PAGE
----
We have reached one of those points in our nation’s life when many Americans feel more divided than united. Politicians and pundits hurl charges of treason. The two parties are at each other’s throats. Many of us know friends or family members who’ve stopped speaking because of events in Washington, D.C.
Some Americans seem ready to believe the worst of their country and fellow Americans. Respect for bedrock institutions like the press, government, and Wall Street has eroded away. Many young people say they value patriotism less than previous generations.
What to do? There is no quick, short-term fix, but here’s a good one for the long term: American history.
Not social studies, or politics dressed up as history, or attempts to run the country down, but history that actually lifts us. History—especially American history—can encourage us toward virtues and truths badly needed in our time.
First and perhaps most important, it can encourage hope. In the midst of terrible civil war, Abraham Lincoln called this nation “the last best hope of earth.” For nearly a century before Lincoln, and easily for a century afterward, Americans would not have doubted that assertion.
Our history is full of resounding stories of hope in times of struggle. Think of those Jamestown and Plymouth settlers, standing on the edge of a New World, equipped with little more than hope for freedom and better lives. Or the Rev. Martin Luther King at the Lincoln Memorial, speaking of his dream of a day when all people will be judged not by the color of their skin but by the content of their character.
History can encourage gratitude for our remarkable country and for those who made it possible for us to lead free and happy lives. Time and again, our ancestors have chosen wisely, and, by their demeanors, defined us as a people, sometimes with great sacrifice.
Think of those Americans at Philadelphia in 1787 who devised the most miraculous political document in history just as the young nation seemed to be falling apart. Or Americans standing fast against totalitarianism during the Cold War. Knowing those stories helps make us thankful to be Americans.
History, properly told and learned, encourages truth. It does not cover up wrongs. It tells the story of both justices and injustices. And it is true that, at times, the United States has fallen tragically short of its ideals.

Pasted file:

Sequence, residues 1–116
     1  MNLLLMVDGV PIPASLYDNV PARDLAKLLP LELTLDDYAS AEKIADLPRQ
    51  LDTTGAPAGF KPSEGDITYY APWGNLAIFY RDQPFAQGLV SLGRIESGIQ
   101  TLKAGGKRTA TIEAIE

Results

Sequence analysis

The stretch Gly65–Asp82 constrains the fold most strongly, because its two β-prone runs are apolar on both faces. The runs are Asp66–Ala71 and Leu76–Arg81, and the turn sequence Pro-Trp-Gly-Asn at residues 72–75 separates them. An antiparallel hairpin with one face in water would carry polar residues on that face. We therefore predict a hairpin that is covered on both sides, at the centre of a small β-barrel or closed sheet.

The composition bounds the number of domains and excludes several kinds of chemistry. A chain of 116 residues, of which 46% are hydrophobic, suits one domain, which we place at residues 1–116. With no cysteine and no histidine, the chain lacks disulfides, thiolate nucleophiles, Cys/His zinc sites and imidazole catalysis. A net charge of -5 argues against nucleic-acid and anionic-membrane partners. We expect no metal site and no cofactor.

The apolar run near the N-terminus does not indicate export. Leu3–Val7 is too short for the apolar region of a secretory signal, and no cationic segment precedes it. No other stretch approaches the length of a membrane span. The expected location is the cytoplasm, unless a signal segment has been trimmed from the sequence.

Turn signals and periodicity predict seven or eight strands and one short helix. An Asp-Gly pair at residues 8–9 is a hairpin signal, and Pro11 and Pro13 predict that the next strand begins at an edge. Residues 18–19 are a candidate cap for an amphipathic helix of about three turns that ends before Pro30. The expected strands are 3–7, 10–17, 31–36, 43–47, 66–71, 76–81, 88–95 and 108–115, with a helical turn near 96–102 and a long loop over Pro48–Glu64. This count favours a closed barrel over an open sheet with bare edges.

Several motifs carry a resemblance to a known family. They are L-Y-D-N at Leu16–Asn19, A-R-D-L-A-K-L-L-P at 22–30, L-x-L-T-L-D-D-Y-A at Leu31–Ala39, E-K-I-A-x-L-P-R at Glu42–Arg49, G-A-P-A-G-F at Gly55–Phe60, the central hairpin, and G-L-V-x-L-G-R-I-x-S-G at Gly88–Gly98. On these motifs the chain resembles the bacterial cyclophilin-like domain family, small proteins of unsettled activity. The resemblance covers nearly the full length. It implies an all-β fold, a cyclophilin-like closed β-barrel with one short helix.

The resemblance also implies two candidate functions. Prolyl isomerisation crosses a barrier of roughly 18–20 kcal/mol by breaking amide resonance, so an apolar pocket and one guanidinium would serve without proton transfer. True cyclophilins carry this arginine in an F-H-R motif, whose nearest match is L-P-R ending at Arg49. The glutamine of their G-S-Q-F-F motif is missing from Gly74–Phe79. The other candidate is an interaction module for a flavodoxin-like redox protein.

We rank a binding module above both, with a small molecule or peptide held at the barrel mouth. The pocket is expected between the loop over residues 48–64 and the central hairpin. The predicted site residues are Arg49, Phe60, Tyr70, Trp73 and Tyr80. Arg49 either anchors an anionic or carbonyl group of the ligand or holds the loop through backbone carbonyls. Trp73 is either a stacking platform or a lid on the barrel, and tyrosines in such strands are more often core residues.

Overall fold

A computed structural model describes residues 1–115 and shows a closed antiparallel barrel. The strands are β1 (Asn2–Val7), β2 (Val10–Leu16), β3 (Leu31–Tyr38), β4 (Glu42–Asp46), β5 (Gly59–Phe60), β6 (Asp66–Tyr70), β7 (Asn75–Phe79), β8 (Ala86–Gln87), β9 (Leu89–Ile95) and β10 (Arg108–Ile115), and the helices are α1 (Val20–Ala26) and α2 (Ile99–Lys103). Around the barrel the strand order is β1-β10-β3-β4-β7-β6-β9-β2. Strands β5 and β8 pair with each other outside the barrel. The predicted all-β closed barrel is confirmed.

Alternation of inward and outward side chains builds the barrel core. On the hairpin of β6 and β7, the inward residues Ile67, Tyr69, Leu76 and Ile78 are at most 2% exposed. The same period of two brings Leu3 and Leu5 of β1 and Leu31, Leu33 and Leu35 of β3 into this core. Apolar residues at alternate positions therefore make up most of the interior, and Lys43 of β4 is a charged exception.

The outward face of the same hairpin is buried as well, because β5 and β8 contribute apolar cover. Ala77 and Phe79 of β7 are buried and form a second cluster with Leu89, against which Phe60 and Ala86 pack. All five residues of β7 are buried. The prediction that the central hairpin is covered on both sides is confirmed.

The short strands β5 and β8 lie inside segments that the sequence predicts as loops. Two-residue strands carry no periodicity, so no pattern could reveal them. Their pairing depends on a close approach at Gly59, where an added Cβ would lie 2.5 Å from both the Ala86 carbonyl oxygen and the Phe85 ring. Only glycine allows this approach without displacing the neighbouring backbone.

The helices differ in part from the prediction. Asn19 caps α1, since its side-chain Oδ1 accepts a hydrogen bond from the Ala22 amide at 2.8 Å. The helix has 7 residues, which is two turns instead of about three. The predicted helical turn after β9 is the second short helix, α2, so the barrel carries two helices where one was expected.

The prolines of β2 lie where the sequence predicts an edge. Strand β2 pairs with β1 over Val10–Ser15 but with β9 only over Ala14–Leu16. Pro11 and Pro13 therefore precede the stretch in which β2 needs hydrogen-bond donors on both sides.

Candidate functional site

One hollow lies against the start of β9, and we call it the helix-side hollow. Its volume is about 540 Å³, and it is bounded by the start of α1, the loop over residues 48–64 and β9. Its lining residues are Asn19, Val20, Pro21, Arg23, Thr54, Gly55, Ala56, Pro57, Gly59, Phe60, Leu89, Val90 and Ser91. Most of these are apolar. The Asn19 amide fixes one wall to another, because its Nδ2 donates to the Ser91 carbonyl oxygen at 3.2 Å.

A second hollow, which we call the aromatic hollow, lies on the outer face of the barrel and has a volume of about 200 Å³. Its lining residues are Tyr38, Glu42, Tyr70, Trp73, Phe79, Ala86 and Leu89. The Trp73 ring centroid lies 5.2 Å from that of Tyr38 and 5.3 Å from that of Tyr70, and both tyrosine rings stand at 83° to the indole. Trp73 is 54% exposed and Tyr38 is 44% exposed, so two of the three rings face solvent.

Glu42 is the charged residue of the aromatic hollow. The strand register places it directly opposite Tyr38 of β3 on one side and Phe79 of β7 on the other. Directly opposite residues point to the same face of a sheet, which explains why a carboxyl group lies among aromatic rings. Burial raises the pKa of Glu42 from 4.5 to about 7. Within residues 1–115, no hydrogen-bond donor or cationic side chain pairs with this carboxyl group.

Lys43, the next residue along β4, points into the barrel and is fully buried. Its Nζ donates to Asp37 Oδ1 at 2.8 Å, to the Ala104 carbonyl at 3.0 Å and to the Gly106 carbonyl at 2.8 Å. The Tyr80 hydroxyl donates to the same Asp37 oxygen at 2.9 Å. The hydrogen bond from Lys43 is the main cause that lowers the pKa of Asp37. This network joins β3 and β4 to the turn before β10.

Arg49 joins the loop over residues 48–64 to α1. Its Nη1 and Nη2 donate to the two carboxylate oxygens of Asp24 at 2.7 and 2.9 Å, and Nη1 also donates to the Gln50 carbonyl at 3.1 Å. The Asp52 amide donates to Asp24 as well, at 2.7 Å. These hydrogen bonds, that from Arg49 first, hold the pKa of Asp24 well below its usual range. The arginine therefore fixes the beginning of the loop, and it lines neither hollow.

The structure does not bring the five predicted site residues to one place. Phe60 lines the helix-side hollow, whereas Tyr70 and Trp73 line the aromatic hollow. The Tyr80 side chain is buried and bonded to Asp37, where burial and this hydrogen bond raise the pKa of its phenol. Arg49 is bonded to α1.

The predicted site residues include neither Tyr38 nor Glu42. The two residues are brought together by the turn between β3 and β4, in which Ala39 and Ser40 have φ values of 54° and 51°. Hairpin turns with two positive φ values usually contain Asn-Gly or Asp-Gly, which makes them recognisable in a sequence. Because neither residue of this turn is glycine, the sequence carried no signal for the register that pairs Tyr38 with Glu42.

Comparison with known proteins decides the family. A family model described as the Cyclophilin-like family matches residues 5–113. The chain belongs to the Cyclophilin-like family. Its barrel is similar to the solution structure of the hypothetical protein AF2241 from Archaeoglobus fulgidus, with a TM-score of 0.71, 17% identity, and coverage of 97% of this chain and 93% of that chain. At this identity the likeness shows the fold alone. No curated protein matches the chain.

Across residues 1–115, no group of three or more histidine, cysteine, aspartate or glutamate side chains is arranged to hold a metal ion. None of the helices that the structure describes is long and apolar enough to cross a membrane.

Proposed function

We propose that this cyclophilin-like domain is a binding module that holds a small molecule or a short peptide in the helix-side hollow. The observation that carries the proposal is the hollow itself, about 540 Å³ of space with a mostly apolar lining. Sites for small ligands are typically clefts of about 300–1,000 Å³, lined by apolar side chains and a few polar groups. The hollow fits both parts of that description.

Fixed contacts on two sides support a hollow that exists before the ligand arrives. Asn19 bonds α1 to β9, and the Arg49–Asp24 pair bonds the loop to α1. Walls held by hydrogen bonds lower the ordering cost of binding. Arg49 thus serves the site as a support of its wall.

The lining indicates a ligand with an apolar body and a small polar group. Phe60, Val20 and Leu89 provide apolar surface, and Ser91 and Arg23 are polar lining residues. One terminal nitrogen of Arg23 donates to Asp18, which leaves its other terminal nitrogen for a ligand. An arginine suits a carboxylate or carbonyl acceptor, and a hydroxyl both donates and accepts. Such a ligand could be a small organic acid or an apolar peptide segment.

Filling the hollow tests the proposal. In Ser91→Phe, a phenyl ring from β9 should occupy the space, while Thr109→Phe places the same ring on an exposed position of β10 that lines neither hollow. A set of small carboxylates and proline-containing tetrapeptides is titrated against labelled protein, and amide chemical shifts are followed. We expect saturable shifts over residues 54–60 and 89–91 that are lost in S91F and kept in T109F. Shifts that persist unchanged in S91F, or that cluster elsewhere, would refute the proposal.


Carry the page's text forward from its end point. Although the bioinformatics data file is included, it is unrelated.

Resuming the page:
But we must remember that America is still a great success story. When we criticize—and criticize we must—we should play the part of what James Madison called a “loving critic.” The late Senator Daniel Patrick Moynihan put it this way: “Am I embarrassed to speak for a less than perfect democracy? Not one bit. Find me a better one.”
History encourages patriotism. It reminds us that our founding principles of liberty and equality are among humanity’s noblest aspirations. That the United States was the first nation in history created out of the belief that people should govern themselves. That no other country has done a better job of establishing equal rights for all citizens.
Every American, regardless of background, has a claim on our great history. We have all inherited the principles laid down in the Declaration of Independence. Lincoln called that claim an “electric cord” that “links the hearts of patriotic and liberty-loving men together, that will link those patriotic hearts as long as the love of freedom exists in the minds of men throughout the world.”
Yes, I know it sounds old-fashioned, but American history can encourage students, politicians, journalists, and all of us toward these virtues and truths that link us together. If told honestly and well, it can unite us in divided times.
Dr. William J. Bennett, former United States Secretary of Education (1985–1988), is one of America’s most influential and respected voices on cultural, political, and educational issues. He recently published a single-edition volume of his acclaimed trilogy, America: The Last Best Hope, which tells the inspiring narrative of our exceptional nation.